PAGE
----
I had a judgement a few years ago its on my county records as a lien The company Equitable Acent is no longer in business. Algate owns the company now. Since the name on the judgement and on my records at the courthouse is Equitable and not Algate can I have it removed.
Can I get the lien from a judgement removed since the name on it is not in business anymore?
While not terribly common, judgment debts can change hands after the entry in the court record. This can happen when a debt collection company is bought out, or when a major Sallie Mae debt collector like Arrow Financial closes its doors.
In my 20 plus years’ experience I would say it is uncommon for acquirers and buyers of judgment debts to file anything new notifying the court of an ownership change. I am seeing more of the new owner of an acquired judgment debt bringing on a new law firm to collect on the account. That new attorney will then sometimes file a change of counsel with the court. This is often done in an effort to then seek out the extraordinary collection means afforded judgment creditors.
Judgment liens are not the only thing you have to worry about. To the extent allowed in your state, you are still at risk of wage garnishment and/or bank account levy.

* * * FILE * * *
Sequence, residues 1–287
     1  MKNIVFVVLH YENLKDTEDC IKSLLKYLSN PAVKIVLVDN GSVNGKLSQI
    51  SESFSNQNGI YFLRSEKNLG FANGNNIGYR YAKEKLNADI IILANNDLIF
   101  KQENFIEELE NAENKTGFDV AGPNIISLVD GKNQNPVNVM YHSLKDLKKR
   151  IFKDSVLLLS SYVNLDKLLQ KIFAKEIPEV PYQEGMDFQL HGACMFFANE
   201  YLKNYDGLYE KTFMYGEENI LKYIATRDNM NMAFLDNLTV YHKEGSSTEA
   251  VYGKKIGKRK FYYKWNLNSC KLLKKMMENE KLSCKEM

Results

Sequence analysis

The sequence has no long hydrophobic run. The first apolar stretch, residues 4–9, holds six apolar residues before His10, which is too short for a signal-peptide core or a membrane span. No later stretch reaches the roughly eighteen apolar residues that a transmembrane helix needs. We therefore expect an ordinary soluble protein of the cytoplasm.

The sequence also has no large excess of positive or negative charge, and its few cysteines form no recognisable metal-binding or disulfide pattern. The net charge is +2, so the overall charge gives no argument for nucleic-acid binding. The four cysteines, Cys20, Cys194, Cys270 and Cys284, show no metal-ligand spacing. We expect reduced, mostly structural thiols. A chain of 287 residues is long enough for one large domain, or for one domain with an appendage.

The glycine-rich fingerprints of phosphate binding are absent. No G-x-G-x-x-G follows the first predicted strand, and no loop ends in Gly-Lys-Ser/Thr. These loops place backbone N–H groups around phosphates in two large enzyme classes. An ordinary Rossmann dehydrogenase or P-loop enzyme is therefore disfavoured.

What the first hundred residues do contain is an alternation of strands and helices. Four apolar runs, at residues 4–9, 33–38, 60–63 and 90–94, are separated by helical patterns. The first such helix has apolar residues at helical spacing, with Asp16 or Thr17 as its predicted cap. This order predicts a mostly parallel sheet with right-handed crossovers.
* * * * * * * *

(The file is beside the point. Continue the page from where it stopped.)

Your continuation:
You likely cannot get the judgment removed from the court record due to a change in ownership. You would have to challenge the judgment itself and get it vacated or voided under some legal theory that can be applied to the situation. That is not easily done, and made harder still the older the judgment. But there are a sprinkling of consumer law attorneys that can help in this regard. What state are you in? I may be able to suggest some with experience that you can speak with.
I have some experiences dealing with old Equable Ascent Financial debts. If you cannot get the judgment set aside or vacated, what would your next goal be? Post in the comments below for additional feedback.
Michael Bovee founded CRN, a unique company offering debt negotiation education and services, in 2004. Bovee has been contributing articles and free reader feedback on this site for several years.
Michael is a debt industry professional who has volunteered his time to help answer reader questions.
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